Another two years later, there was a push from above, according to Becker, which changed the logo again. "Marc Conrad wanted a new logo. It should be like a bench and go more in the direction of CBS or ABC from America. A logo from which you can directly read RTL." That was something RTL had moved away from with its last decision and now, after the broadcaster had caught up with ARD and ZDF, it should also be on an equal footing with them. "We actually wanted to overtake them as well and that was only possible as a bold brand." RTL as a brand developed in 1992, with the introduction of the RTL boxes in the logo, Becker continues. Responsible for this was the company Novocom, which had long been active in the television and series business in L.A. and to which the former Creative Director turned for lack of German offerings. "We wanted to have a bad boy image. It had to really pop and stand out confidently."
In the following years, the boxes were played with again and again. They were opened, closed, something ran through them or they appeared as large letters made of acrylic glass, which, developed by the BBC, landed gently on satin. In 1995, these large letters also acted as a projection screen for the channel's programme highlights. "The letters were actually built for real. But the projections were pure 3D. The possibility of doing that had only just emerged at that time," says Becker. The choice of music was also striking here, because it sounded very much like Hollywood, which corresponded to a wish of the editors. Consequently, the music was also produced in America. However, this glossy sound did not become the RTL audio ID. The desire was to develop something here that didn't appear to be shouty. "We actually wanted to have something that sounded like CBS in America. Or like the Audi commercials at the time. That's why we started with the whispered 'Mein RTL'," the former Creative Director reports.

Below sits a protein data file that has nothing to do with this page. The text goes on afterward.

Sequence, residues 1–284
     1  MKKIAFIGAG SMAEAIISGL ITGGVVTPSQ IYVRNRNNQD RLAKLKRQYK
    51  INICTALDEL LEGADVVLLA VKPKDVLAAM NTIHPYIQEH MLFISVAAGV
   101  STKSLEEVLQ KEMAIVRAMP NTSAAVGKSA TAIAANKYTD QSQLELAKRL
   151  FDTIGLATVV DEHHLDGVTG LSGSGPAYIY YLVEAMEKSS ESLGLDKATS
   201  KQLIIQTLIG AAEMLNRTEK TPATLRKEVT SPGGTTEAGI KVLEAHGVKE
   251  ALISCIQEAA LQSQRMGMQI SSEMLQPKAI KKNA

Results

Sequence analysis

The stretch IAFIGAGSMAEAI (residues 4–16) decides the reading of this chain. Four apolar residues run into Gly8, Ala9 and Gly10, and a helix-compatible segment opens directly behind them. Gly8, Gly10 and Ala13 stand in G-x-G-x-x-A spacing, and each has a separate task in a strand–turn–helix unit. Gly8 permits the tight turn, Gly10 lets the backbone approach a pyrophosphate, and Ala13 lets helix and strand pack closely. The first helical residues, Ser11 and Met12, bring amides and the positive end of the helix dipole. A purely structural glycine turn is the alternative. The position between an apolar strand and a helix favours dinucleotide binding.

From a whisper to a triad to a four-note harmony
In 1997, the whispered "Mein RTL" began to establish itself as the station's audio ID. At Christmas 2002, it was replaced by a triad that sounded more sombre and thoughtful. "But hardly anyone knows that one anymore," says Frederik Geisler in the interview and leads on to a fun fact. "Much better known is the four-note harmony, which we still use now and for which there is also a very interesting story. We traditionally have seasonal campaigns, as we did back then. For the summer campaign, we chose a song by Alex Christensen, which had a very striking ending. In contrast to the triad, it was suddenly super positive. That's why they actually decided in 2007: We'll keep that. It's more optimistic, it's more positive. Let's take that out and make it our new jingle." A good decision, because the four-note sound has remained to this day. "The RTL four-tone is actually also in the collective memory of the whole republic. Sometimes you only have to walk through the streets at night to hear it. That's why we haven't touched it. Well, we're reinterpreting it because it's so well known. But we wanted to keep it."